Felt broken over how I feel about romance

I’ve found a lot of affirmation in knowing that there are others who also feel uncertain over whether they experience romantic feelings or not. I’ve found many posts published last year that helped me be sure I’m not the only one who feels that way. In particular, it’s difficult for me to discern what is romantic vs. platonic, and what constitutes a (non-codependent) romantic relationship exactly. I was also happy to see that there were specific terms for it: Wtfromantic or quoiromantic. I was also happy to find out that romance-repulsion exists as a concept.

However, during that time, I still felt broken for both my romantic orientation and repulsion towards romance, because I was in a relationship with someone who wanted a conventional monogamous romantic-sexual relationship, while I was repulsed by the idea. I also didn’t freely agree to it, but that’s a different issue. He had romantic feelings for me, but I wasn’t sure if I had romantic feelings for him, or if what I was feeling was just codependency, manifesting as a strong sense of obligation to do what he wanted, to make him happy no matter how much I didn’t want to do what he wanted to.

Admittedly, my understanding of what romance is, may be skewed because of my experiences, though over the past few years, I’ve developed much more nuanced understandings of romance and different relationship models, so I could question what is a romantic relationship like without codependency.

I’ve taken other peoples’ word for it that they can experience healthy, non-codependent romantic relationships, but that is something I’ve never experienced for myself. Is that desire to make someone happy, to the extent of self-sacrifice, a natural part of romantic love, or is it just a symptom of codependency?

I also questioned what sets romance apart from a platonic relationship, if there are no such thing as inherently romantic behaviors that define a romantic relationship, if there’s no inherent difference in level of commitment between the two, or no inherent difference in openness or exclusivity. I don’t know if I’ve asked these questions because of my romantic orientation, or simply because I’ve gained a more nuanced understanding of both romantic and platonic relationships, but was wanting to know what the inherent differences are.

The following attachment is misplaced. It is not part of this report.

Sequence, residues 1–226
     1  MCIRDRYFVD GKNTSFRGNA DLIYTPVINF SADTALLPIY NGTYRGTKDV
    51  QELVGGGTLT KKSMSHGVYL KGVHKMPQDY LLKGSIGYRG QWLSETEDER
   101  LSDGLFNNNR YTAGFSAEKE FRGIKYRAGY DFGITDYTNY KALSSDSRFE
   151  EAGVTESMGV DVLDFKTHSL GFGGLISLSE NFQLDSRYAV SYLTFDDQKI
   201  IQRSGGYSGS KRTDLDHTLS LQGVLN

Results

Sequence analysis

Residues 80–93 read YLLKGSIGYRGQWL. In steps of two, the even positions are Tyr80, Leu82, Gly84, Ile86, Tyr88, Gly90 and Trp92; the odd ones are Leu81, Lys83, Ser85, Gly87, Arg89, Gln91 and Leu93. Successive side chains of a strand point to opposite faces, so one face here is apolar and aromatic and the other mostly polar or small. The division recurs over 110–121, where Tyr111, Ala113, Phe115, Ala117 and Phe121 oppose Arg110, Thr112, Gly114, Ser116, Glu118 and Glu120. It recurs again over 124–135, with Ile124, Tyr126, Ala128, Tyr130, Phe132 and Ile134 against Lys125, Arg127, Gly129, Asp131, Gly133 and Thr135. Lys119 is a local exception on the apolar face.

There were several times that my “partner” demanded a yes/no answer to the question of whether I love him, by which he meant do I romantically love him, and want to be in a traditional monogamous relationship with him. I was afraid to answer either yes or no.

My answer was that there are different kinds of love, that I don’t see love as being just the one kind he had in mind. I also told him that I had a strong sense of obligation towards him, and that I care about him, but he said those answers were a cop-out, and they only frustrated him more and more, as he kept pressing the question, which also made me feel guilty and broken. From his perspective, I was completely missing the point, and trying to dodge the question with non-answers. From my perspective, the answer I gave counted as a form of love, though a different kind than what he may have had in mind, and he was disregarding other forms of love.

I knew I was quoiromantic, but began to hate it over this issue. I wished I could’ve given him a definitive answer either way, but also the thought of being sure I didn’t have romantic feelings for him also made me feel broken. Even if I were sure that I didn’t have any romantic feelings, I may have still been afraid to answer no.

I also felt bad about not being honest so much sooner, because not only would that have prevented so much stress for me, he could’ve spent that time finding someone he was much more compatible with instead of putting his hopes into a relationship that wasn’t going to work. It felt like we were holding each other hostage, which ironically is how I used to perceive romantic relationships.

What also made me feel broken is that I didn’t overcome the past. I thought I was past this, but I had this same issue with the same person 4 years earlier! It was after I found the asexual community that I began to develop a nuanced understanding of what romance was, but that still wasn’t enough to save me from falling into this situation again!

I’m free of this situation now, but I regret that it had happened again, and took so long to break free of, but when it ended, it was for the best for both of us.